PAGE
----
Recognized as a physician and diabetologist of exceptional merit, he was appointed as the Honorary Physician to the President of India from 1977 to 1982 and again from 1987 to 1992. He also served the Prime Minister of India as Chief Physician from 1991 to 1996.

He was appointed as Member, Planning Commission, in 1991, in the rank of Minister of State, Government of India, in which capacity he served till 1998. His uncanny ability to assimilate information hitherto unfamiliar to him was such that, upon being the first ever biomedical scientist to be nominated to the Planning Commission, in no more than a fortnight, he had mastered modern economic theory and was able to participate in financial policy drafting.

In 2007, he was appointed Vice-Chairman of the Punjab State Planning Board.

Prof. Bajaj was recipient of many distinctions, awards, and honors at national and international levels. He was a fellow of the Royal College of Physicians of London and Edinburgh, and the National Academy of Medical Sciences. He was a founder fellow of the Indian College of Physicians.

In recognition of his highly distinguished services to the country, he was decorated with Padma Shri by the President of India in 1981, and with the coveted Padma Bhushan in 1982 and Padma Vibhushan in 2009, being the first diabetologist and endocrinologist of India to be so honored.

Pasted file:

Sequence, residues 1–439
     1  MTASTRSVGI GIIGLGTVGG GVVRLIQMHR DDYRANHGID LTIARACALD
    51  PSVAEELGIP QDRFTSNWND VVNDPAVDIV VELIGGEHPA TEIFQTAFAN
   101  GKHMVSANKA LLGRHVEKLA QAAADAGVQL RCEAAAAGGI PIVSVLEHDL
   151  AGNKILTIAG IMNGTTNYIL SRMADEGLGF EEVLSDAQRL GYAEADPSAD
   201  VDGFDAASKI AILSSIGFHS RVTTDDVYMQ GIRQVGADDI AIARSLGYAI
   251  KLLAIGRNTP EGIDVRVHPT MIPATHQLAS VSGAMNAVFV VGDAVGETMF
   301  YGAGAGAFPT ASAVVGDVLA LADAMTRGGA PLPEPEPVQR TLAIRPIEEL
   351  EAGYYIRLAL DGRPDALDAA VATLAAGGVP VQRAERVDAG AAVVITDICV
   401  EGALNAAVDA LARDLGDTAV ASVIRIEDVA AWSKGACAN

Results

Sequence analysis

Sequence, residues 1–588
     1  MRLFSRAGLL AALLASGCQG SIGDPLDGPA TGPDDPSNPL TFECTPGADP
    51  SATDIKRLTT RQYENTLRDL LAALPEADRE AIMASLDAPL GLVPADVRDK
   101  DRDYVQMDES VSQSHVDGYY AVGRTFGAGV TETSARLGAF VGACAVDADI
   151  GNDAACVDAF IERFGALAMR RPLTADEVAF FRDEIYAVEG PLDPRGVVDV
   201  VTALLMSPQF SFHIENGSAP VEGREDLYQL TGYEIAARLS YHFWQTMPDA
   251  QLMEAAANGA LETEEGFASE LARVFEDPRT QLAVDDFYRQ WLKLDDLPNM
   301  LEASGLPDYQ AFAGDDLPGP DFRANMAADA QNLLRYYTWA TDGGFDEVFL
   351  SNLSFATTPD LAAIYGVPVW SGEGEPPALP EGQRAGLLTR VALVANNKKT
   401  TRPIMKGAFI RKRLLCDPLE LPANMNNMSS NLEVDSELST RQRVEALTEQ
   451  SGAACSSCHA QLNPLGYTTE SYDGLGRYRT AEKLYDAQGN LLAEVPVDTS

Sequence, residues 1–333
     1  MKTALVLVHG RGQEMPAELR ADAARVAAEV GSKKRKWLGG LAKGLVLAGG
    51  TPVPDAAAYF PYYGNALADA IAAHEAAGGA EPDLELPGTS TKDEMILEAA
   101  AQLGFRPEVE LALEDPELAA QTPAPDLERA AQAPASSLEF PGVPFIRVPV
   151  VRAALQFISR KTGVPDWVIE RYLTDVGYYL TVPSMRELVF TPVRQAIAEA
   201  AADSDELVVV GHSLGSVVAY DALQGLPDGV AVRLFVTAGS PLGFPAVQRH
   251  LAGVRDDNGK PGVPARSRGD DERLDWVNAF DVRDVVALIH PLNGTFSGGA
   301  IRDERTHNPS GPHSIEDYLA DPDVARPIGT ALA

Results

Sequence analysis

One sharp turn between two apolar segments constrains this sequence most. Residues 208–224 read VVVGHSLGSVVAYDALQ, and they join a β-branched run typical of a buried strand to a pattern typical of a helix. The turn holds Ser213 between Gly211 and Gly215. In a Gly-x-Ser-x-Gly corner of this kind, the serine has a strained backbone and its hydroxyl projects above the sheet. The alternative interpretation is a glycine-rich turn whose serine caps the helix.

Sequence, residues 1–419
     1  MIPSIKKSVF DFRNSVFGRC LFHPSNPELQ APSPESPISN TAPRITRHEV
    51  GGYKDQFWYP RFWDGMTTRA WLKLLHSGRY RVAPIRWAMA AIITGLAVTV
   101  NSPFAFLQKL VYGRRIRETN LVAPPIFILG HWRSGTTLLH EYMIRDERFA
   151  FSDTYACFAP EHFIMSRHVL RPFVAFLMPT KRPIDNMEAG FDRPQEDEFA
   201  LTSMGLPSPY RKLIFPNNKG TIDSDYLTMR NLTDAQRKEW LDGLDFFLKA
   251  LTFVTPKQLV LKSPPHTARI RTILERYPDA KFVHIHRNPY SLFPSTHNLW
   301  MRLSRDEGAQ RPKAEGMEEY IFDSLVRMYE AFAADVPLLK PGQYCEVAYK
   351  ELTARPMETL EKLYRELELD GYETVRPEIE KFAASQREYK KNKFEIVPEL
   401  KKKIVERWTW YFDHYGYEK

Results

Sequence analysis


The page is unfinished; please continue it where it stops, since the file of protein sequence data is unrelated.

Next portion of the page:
His interest in diabetes and endocrinology spanned over nearly four decades. His most outstanding research included the original work on entero-hypothalamo-insular axis, insulin dynamics in health and disease, hormonal contraception in males, and endocrinal and metabolic profile of protein calorie malnutrition. His proposed classification of a separate category of malnutrition-related diabetes mellitus, with its two subtypes, was accepted and incorporated in the new international classification of diabetes (ICD 10), recommended by the World Health Organization (WHO) Expert Committee; the eponym of Bajaj's syndrome was assigned to this entity by international bioscientists.

He published five books on insulin and metabolism, diabetes mellitus and glucagons, and contributed chapters in several national and international textbooks, with more than 240 publications and research communications to his credit.